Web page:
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New rules for cellular entry may aid antibiotic development

Tests show clues to fighting drug-resistant gram-negative bacteria

1:00pm, May 10, 2017

MAKE WAY  An antimicrobial (mostly green and white in this illustration) that has been modified to target gram-negative bacteria travels through a channel (brown) on its way inside an E. coli cell.

Like entry to an exclusive nightclub, getting inside a gram-negative bacterial cell is no easy feat for chemical compounds. But now a secret handshake has been revealed: A new study lays out several rules to successfully cross the cells’ fortified exteriors, which could lead to the development of sorely needed antibiotics.

“It’s a breakthrough,” says microbiologist Kim Lewis of Northeastern University in Boston, who was not involved with the work. The traditional way to learn how compounds get across the bacterial barrier is to study the barrier, he says. “They decided to attack the problem from the other end: What are the properties of the molecules that may allow them to penetrate across the barrier?” The work describing these properties is published online in Nature on May 10.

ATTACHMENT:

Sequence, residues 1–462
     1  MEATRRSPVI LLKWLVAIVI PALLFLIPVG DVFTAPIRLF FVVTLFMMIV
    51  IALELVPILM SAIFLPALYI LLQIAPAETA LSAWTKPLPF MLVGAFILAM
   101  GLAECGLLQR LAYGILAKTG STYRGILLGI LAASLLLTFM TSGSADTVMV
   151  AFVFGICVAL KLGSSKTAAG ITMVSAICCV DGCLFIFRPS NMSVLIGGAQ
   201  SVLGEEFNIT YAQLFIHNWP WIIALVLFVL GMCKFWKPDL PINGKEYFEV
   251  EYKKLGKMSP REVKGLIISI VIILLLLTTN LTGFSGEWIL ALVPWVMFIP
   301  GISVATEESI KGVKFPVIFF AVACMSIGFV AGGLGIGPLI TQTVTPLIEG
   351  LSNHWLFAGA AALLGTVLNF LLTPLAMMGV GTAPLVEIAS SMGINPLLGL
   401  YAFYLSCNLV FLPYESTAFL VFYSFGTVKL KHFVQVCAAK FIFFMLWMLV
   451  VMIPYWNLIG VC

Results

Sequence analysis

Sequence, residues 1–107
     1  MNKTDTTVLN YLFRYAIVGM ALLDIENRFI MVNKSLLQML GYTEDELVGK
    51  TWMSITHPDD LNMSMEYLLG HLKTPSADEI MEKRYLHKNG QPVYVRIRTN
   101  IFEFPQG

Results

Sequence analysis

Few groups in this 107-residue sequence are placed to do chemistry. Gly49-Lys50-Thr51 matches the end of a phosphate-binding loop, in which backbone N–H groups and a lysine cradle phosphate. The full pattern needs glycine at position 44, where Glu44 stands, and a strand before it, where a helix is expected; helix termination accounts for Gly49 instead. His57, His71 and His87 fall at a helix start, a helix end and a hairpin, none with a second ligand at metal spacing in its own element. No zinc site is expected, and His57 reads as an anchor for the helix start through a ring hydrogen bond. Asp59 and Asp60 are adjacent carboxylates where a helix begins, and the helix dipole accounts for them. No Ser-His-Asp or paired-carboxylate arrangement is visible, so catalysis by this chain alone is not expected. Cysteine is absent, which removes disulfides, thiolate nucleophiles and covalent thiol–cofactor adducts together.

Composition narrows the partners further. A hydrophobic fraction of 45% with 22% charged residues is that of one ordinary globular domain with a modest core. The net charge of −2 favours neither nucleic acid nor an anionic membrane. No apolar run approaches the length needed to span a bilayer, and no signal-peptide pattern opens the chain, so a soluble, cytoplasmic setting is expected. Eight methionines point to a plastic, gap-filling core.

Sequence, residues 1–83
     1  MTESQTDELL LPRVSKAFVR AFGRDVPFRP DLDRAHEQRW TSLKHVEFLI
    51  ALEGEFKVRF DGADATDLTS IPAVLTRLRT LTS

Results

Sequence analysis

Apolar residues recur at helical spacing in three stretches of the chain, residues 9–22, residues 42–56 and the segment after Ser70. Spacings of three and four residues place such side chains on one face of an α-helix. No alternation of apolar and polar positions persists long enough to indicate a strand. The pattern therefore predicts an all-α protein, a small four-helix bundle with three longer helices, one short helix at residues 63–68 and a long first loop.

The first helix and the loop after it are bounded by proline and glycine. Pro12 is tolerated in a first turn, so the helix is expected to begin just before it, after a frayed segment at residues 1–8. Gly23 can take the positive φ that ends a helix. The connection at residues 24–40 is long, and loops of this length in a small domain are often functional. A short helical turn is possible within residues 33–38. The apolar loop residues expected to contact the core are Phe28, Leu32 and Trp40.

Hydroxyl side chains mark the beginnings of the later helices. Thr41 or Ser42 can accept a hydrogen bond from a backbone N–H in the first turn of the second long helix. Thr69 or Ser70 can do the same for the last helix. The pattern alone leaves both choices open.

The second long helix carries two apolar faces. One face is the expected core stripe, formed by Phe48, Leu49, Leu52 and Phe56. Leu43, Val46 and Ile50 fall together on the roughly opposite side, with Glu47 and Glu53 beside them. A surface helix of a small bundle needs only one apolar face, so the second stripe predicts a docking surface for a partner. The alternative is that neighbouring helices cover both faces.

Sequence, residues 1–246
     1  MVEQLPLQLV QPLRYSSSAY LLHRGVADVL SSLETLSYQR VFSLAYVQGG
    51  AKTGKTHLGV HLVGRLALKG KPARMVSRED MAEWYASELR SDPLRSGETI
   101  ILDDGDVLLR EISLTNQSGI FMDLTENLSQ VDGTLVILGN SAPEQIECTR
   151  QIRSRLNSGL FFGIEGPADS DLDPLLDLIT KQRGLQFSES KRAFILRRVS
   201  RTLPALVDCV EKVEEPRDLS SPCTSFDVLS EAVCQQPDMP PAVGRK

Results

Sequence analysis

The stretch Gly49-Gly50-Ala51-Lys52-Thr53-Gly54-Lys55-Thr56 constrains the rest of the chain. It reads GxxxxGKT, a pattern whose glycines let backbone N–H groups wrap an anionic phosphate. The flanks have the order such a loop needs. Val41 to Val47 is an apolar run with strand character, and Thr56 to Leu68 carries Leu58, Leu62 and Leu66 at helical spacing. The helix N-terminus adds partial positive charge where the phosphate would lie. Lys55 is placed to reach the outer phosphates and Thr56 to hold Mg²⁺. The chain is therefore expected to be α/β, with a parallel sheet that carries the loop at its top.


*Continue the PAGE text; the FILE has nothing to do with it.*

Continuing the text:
Escherichia coli and other gram-negative bacteria — so

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